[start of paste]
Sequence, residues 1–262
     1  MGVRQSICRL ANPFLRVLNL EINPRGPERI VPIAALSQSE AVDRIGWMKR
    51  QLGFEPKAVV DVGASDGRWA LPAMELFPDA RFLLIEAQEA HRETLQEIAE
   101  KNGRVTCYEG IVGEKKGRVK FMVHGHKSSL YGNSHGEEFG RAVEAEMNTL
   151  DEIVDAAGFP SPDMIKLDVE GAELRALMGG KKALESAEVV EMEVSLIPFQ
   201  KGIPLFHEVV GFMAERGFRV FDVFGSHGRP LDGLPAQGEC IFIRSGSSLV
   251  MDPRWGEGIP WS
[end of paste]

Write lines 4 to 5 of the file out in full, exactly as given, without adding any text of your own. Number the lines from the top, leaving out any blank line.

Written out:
   101  KNGRVTCYEG IVGEKKGRVK FMVHGHKSSL YGNSHGEEFG RAVEAEMNTL
   151  DEIVDAAGFP SPDMIKLDVE GAELRALMGG KKALESAEVV EMEVSLIPFQ